"Meal assembly," one of the fastest growing food trends in the country, is making its way to Columbia for those who are too busy to grocery shop, to slice and dice, to sweat over a hot stove for the evening meal or any other.

Let's Dish hopes to open its doors Wednesday at the Snowden Center on Oakland Mills Road.

The store's owners provide the place (a cross between a commercial kitchen and Starbucks, with beverages and conversation included), the ingredients and the recipes. The customers put it all together, assembly-line style and package it to go.

No prep work or cleanup involved for them. All customers have to do is show up with a cooler large enough to carry eight to 12 meals -- each with enough servings for four to six people. The cost is about $155 for eight meals or $195 for 12. The cooking takes place at home.

"You could take home six chicken breasts in one dish," said Alexa Corcoran, the store's co-owner. "You could really carry home 40 to 60 pounds of food." And freeze it.

Corcoran owns the store with her husband, Rick, and another couple, Lisa Hardiman and Erik Ginsberg. The owners licensed the brand from the original owners in Minneapolis, who have since franchised the concept.

Now the foursome operate stores in Timonium and Bel Air in Maryland and in Ashburn, Va. Early next year, they hope to open three others in Leesburg, then Gaithersburg and Alexandria.

Why add Columbia to the mix?

Because 10 to 15 percent of the customer base at the Timonium store comes from Howard County, Corcoran said. "Many of them drive 40 minutes to get to the store, cook and then go home again," Corcoran said. "We didn't even do much advertising out there. It was mostly word of mouth."

Registration for "dishing" sessions takes place online at www.letsdish.net.

High-Rise Project Advances

Construction on the highest of Columbia's high-rises should begin this May at the site of the old Bennigan's restaurant off Wincopin Circle on Little Patuxent Parkway.

WCI Communities of Bonita Springs, Fla., plans to offer 22 stories of condominiums, with 162 two- and three-bedroom units ranging from $500,000 to more than $1 million, said Tony Albanese, president of the firm's mid-Atlantic towers.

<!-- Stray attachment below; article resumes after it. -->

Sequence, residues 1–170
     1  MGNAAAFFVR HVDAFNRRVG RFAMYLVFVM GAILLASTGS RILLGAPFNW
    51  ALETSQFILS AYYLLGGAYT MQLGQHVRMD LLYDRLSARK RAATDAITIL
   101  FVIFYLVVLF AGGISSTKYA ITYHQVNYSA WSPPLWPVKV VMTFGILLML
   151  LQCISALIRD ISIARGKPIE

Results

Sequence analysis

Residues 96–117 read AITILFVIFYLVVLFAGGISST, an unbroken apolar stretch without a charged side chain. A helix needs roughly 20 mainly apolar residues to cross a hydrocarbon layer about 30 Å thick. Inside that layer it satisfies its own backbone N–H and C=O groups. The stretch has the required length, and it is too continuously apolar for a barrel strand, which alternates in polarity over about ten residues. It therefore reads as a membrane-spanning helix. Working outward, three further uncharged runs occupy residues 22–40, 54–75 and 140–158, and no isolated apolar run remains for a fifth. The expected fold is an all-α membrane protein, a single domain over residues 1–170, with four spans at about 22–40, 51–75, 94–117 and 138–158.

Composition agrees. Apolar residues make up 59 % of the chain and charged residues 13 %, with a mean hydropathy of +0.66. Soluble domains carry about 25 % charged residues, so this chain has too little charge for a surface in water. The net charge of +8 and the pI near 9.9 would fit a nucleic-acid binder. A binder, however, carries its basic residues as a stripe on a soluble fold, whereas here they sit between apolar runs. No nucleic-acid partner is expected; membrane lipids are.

Marsha S. McLaughlin, director of Howard County's planning and zoning department, said the building will be the highest in Columbia.

The project has met all technical requirements and awaits approval from the county's planning board, McLaughlin said.

If all goes as planned, WCI will open its sales pavilion in January to take reservations, finalize contracts in February and close on units in May 2008.

The building should include retail space at its base and feature private elevators. "You park your car in the garage, walk into the elevator and it takes you into your residence," Albanese said. "You don't have to walk into a hallway."

Battling Phone Fraud

Western Union Financial Services Inc. agreed to take steps to help curb fraud-induced transfers of money to telemarketers.

Under an agreement signed this month with Maryland and 46 other states, the company agreed to fund an $8.1 million national consumer awareness program and display prominent warnings on the forms consumers fill out to wire money, Maryland Attorney General J. Joseph Curran Jr. said in a statement.

The idea is to prevent schemes such as the ones involving fraudulent telemarketers who inform consumers that they have won a large sum of money but must pay taxes or other charges to claim their award. The victims are then directed to send the money by wire.

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